Economics & Global Affairs

8 Items

Tokyo at night

Flickr / Agustin Rafael Reyes

Paper - London School of Economics

Global Review of Finance For Sustainable Urban Infrastructure

    Authors:
  • Graham Floater
  • Dan Dowling
  • Denise Chan
  • Matthew Ulterino
  • Tim McMinn
  • Ehtisham Ahmad
| December 2017

This paper is a background review representing part of the initial phase of the Financing the Urban Transition work program. The review builds on a growing body of research that highlights both the importance of national sustainable infrastructure and the need to develop more effective and efficient financing mechanisms for delivering compact, connected cities that meet the UN’s Sustainable Development Goals. While progress has been made in both these areas over the last five years, there remains a policy gap between the international/national level and the municipal level.

Panel: What does Brexit mean for Europe's security architecture?

Thomas Lobenwein

Report

Brave new world? What Trump and Brexit mean for European foreign policy

| Dec. 08, 2016

On 24 and 25 November 2016 experts from politics and academia, including FDP Executive director Cathryn Clüver, discussed the impact of Brexit on several policy areas in a series of workshops at the Hertie School of Governance in Berlin. All events took place under Chatham House rules.

Report - Belfer Center for Science and International Affairs, Harvard Kennedy School

The Next Great Emerging Market?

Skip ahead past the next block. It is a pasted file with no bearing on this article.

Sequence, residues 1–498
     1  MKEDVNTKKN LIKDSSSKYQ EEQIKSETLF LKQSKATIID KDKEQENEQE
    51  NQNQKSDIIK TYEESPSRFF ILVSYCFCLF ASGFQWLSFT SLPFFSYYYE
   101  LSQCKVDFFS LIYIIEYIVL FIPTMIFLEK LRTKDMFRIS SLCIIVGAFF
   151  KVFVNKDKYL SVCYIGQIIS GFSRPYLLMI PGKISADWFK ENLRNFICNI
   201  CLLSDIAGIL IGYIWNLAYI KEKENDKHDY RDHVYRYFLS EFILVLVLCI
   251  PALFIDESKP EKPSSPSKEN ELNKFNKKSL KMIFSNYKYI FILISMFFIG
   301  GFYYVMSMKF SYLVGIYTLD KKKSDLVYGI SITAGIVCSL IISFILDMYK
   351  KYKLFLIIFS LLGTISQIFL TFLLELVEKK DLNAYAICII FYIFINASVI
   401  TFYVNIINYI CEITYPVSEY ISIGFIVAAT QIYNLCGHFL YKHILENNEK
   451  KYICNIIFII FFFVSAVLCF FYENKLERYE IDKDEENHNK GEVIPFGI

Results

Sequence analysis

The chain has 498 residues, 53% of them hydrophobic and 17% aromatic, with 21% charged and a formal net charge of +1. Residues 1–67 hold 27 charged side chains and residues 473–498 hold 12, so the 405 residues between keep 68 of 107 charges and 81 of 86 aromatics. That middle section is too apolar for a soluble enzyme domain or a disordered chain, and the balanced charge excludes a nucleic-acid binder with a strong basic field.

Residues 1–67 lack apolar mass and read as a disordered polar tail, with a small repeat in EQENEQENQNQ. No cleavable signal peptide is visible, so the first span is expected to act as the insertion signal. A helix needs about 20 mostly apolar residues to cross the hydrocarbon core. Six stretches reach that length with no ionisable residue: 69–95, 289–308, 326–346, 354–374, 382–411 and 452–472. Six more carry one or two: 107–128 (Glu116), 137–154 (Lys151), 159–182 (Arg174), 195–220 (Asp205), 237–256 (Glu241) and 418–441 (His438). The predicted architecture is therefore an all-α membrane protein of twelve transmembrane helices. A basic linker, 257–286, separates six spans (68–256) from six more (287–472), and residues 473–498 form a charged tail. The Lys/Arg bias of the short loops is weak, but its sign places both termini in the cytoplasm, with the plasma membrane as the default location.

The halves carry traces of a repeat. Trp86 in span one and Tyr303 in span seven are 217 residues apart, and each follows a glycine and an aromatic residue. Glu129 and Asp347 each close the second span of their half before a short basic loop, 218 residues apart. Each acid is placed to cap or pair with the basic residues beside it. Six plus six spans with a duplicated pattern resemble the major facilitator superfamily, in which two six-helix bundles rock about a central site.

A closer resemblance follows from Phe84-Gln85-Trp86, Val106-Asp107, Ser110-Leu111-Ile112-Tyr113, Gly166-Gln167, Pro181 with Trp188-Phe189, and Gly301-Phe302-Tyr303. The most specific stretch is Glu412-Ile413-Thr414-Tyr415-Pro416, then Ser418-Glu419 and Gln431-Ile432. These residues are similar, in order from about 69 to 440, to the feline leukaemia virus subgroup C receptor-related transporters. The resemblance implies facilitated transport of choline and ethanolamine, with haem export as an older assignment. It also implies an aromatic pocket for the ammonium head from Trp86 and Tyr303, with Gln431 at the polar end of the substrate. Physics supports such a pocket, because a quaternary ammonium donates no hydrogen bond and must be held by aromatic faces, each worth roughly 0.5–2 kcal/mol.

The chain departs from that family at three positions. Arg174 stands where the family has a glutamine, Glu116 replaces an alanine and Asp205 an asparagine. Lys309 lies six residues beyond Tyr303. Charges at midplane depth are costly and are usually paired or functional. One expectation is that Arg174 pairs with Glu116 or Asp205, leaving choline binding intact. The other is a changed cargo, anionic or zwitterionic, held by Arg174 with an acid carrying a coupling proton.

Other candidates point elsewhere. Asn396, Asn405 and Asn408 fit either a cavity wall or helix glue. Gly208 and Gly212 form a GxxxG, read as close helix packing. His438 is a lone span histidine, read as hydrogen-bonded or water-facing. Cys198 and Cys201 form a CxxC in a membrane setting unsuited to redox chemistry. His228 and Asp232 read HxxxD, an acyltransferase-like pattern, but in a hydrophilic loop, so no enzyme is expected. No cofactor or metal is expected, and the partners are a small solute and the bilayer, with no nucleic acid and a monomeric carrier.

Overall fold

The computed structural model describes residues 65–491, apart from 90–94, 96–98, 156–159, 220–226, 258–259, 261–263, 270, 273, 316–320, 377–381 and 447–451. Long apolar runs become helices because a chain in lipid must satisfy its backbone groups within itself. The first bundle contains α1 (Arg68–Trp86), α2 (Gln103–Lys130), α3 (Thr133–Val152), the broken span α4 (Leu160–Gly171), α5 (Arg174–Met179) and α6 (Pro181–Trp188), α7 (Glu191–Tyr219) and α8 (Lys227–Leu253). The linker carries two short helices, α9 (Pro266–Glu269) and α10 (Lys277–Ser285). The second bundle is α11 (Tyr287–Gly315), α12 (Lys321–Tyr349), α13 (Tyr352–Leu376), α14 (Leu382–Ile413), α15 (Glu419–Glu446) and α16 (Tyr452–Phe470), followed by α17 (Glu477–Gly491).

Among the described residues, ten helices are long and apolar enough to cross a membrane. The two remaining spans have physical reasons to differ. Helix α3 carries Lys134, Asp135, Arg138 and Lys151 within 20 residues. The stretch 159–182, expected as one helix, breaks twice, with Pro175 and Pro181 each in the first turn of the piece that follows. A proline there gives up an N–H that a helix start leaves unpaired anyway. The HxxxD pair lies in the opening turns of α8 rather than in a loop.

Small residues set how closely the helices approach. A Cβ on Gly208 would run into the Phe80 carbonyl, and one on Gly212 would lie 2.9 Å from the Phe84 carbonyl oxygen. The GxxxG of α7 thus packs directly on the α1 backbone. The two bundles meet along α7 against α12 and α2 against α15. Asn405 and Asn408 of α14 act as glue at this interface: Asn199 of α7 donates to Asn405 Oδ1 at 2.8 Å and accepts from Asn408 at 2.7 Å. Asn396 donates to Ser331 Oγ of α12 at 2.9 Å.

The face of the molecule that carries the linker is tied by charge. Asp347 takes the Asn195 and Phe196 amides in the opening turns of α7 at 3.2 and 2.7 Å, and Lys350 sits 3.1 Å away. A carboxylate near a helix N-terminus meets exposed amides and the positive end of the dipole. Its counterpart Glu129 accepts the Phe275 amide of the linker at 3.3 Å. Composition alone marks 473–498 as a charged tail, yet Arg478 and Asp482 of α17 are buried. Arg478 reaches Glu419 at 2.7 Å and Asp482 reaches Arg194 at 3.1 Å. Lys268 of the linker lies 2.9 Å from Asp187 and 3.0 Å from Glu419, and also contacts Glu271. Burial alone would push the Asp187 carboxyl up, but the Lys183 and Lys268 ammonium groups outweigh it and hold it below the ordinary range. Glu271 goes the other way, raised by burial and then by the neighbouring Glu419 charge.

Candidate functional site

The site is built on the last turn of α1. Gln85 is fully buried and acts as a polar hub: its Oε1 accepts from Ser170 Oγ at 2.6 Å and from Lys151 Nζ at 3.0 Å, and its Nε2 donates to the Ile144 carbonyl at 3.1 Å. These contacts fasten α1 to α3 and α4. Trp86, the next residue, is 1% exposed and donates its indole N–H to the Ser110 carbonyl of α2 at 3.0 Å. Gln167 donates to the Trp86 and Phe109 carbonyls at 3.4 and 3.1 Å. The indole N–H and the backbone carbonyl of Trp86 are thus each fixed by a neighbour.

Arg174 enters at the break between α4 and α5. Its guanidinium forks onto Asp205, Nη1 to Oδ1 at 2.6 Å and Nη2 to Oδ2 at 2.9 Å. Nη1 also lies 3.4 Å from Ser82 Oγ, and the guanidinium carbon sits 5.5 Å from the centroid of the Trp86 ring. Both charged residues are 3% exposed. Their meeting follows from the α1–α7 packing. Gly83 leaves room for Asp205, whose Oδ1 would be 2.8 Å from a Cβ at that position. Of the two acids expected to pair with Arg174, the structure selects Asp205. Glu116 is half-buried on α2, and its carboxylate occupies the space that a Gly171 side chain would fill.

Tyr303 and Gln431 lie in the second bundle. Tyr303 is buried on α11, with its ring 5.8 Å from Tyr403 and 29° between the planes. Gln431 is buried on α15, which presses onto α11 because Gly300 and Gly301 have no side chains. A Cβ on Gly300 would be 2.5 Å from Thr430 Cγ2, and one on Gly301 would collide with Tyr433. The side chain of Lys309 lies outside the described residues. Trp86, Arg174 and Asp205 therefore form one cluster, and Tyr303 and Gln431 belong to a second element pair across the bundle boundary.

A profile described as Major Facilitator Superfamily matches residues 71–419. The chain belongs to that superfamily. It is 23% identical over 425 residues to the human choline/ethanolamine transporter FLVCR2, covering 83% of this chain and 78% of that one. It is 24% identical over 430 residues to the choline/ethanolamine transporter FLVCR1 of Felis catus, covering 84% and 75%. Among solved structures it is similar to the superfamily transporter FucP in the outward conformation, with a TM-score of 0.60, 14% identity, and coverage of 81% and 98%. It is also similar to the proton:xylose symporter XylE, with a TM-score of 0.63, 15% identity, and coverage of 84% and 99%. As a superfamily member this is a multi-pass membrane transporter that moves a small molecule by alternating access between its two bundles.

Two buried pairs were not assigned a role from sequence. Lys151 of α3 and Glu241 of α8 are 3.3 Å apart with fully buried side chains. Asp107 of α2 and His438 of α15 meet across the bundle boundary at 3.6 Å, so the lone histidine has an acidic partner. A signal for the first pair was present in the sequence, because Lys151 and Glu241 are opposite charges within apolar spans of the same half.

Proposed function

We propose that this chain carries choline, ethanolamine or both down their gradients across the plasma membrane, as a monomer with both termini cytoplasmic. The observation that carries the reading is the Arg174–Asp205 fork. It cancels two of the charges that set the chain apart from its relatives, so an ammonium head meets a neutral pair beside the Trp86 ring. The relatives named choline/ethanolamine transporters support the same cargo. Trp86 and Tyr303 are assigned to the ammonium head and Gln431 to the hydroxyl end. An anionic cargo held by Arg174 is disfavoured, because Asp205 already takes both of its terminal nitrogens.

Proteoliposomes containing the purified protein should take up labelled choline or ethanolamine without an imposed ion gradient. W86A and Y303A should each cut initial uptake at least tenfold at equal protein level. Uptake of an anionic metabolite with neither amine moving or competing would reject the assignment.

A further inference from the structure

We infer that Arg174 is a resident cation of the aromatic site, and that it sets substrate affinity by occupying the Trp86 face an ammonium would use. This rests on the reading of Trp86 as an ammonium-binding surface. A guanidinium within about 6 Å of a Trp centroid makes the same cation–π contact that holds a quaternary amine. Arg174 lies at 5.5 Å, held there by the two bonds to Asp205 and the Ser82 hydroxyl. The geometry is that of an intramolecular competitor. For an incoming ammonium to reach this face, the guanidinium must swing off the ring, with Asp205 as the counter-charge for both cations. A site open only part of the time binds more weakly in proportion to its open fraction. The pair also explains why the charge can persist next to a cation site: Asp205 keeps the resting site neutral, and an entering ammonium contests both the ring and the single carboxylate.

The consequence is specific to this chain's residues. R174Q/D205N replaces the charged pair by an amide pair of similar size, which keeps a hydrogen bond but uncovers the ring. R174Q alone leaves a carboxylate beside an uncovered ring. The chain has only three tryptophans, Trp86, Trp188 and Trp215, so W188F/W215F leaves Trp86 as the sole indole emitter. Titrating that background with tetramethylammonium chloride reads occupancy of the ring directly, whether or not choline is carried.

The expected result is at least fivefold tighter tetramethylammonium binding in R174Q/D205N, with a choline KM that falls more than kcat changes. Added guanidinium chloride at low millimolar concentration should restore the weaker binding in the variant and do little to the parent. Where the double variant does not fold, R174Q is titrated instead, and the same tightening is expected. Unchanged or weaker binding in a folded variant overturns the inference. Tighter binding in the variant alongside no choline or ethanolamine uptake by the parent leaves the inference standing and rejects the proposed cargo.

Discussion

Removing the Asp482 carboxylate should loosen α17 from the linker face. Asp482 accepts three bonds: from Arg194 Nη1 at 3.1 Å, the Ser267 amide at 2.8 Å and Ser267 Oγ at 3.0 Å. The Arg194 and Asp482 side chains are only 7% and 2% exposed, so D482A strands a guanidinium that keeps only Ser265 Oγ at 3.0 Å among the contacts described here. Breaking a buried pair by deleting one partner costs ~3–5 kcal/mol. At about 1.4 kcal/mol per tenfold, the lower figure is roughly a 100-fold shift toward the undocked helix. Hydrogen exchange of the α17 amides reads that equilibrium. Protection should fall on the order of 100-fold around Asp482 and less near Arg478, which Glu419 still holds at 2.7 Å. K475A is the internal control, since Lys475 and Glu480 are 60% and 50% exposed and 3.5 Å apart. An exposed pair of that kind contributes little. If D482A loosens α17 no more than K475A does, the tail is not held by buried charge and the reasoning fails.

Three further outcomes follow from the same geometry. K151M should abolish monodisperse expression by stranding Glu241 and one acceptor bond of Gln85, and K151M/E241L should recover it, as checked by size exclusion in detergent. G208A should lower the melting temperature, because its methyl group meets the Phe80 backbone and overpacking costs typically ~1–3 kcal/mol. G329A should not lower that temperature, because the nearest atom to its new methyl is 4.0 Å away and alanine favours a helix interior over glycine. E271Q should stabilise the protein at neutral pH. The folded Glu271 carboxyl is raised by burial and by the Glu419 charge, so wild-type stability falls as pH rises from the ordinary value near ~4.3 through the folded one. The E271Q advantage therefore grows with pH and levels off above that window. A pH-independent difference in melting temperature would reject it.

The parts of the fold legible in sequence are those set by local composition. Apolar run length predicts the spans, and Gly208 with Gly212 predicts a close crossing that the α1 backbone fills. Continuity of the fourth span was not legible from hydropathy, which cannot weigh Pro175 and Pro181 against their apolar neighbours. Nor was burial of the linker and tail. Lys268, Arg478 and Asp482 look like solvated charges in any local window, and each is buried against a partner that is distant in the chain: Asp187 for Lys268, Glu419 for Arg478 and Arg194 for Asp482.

| June 25, 2015

In The Next Great Emerging Market? Capitalizing on North America’s Four Interlocking Revolutions, Gen. (Ret.) David H. Petraeus and Paras D. Bhayani explain why North American market integration and  leadership in energy, manufacturing, life sciences, and information technology could drive substantial economic growth. But they warn that Washington must turn today’s policy headwinds into policy tailwinds to capitalize fully on these trends.

Report - Belfer Center for Science and International Affairs, Harvard Kennedy School

SUMMARY REPORT: U.S.-China 21

| April 2015

The future relationship between China and the United States is one of the mega-changes and mega-challenges of our age. China’s rise is the geopolitical equivalent of the melting polar ice caps – gradual change on a massive scale that can suddenly lead to dramatic turns of events.

In this Summary Report of a longer forthcoming work, former Prime Minister Kevin Rudd, a senior fellow at the Belfer Center, asks if this defining trend of the 21st century can be managed peacefully? He argues that it can – if Washington and Beijing commit to placing their relationship on a stable, long-term footing.

Rudd's findings emerge from a major study he led at the Center on the possibilities and impacts of a new strategic relationship between China and the United States.

A U.S. dollar on a renminbi (RMB) banknote is seen through a magnifier in Fuyang, China, 14 Oct. 2010. The value of the RMB hit new high against U.S. dollar as the central parity rate of the RMB was set at 6.6582 per U.S. dollar.

AP Photo

Report - Center for Strategic and Budgetary Assessments

Understanding America's Contested Primacy

| 2010

"A rigorous assessment should consider the strengths and weaknesses of the United States' putative competitors on the global scene as well as the enduring strengths and sources of resilience that have enabled America to extend its primacy and maintain a stabilizing, global hegemonic role against all expectations. There is a need for a framework to inform how US policymakers might think about the problem of developing strategies and policies to extend that role yet again, since it is at least an arguable proposition that rather than a multipolar world, the global system, after the current Great Recession passes, will continue to be unipolar but with some additional challenges for US leadership."